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BenPowell

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  • 1. Vaseline. Queen Helene's Cocoa Butter Creme may be better for the foot, Vaseline for the mold. Do not forget toe nails!2.0therwise removal would be impossible! 3.CRC Silicone spray & Vaseline. The entire contact surface must be coated. Same for the model before applying the caulking compound.

    1. I used Vaseline, forgot to put some under my toenails. Queen Helene's Cocoa Butter Cream may be easier to remove afterwards. 2. Yes, otherwise there would be no way to remove the casting. 3. I sprayed mine with CRC Silicone and followed up with Vaseline. Once the casting is dry and prepared, use the same products to facilitate removal of the silicone. I found a Dr. Comfort shoe horn to be the best tool to facilitate peeling the silicone from the plaster. It is necessary to get the soles equal in thickness. I drilled and tapped four holes in the castings and inserted bolts, adjusting them for 1/4" clearance from a flat surface. Then I built up the caulking compound to the top of the bolt heads. The plaster would not take threads, so I used JBWeld to hold the bolts in place. Note: …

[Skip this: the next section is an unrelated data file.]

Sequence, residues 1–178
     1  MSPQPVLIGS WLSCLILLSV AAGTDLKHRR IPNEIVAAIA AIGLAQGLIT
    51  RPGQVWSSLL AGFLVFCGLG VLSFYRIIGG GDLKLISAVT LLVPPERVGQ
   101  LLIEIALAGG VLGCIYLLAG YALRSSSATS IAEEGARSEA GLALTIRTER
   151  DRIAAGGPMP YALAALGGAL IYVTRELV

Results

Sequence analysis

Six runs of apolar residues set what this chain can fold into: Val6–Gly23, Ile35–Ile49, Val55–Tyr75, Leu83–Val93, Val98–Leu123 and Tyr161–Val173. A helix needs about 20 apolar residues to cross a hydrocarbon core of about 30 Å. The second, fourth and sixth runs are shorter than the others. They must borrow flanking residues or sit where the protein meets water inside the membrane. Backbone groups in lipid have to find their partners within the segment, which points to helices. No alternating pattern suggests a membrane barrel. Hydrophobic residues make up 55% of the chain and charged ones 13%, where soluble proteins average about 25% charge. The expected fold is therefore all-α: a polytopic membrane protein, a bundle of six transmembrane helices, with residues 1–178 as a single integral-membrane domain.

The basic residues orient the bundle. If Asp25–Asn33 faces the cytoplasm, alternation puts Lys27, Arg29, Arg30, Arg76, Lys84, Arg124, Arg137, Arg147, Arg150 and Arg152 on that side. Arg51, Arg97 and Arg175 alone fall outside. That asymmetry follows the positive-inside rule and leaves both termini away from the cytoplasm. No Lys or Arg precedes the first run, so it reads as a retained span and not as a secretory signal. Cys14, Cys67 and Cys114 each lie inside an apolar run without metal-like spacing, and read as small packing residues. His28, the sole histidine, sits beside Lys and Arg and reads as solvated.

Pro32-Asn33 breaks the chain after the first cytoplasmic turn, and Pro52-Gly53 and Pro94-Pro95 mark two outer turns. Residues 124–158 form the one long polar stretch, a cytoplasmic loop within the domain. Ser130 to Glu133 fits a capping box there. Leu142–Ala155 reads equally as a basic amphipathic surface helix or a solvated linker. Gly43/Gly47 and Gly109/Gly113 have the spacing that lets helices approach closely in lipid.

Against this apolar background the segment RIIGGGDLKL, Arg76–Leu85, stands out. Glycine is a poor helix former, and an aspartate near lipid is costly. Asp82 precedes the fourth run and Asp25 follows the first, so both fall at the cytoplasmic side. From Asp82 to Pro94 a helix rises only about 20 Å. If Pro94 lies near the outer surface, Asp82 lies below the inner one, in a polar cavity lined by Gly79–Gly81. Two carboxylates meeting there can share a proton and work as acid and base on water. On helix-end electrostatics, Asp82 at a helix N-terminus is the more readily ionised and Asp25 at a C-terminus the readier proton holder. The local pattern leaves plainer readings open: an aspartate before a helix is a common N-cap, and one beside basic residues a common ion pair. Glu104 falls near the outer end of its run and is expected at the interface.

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    1. I used Vaseline, forgot to put some under my toenails. Queen Helene's Cocoa Butter Cream may be easier to remove afterwards. 2. Yes, otherwise there would be no way to remove the casting. 3. I sprayed mine with CRC Silicone and followed up with Vaseline. Once the casting is dry and prepared, use the same products to facilitate removal of the silicone. I found a Dr. Comfort shoe horn to be the best tool to facilitate peeling the silicone from the plaster. It is necessary to get the soles equal in thickness. I drilled and tapped four holes in the castings and inserted bolts, adjusting them for 1/4" clearance from a flat surface. Then I built up the caulking compound to the top of the bolt heads. The plaster would not take threads, so I used JBWeld to hold the bolts in place. Note: I have hammer toes, so I need extra depth in the toe box, Dr. Comfort's Brian X is the only shoe I can find. Alternate mold method: search on line for a foam impression kit, probably about $25.00 + freight. Much less plaster mess that way.Alternate sole: Rexall's silicone orthotics: fill the arch & midfoot of the model with caulk, then place on the insole to cure. Floppy and tricky to insert in the shoe but comfortable enough to walk a mile in Old Mill boots that are not roomy enough for the thicker home made soles.

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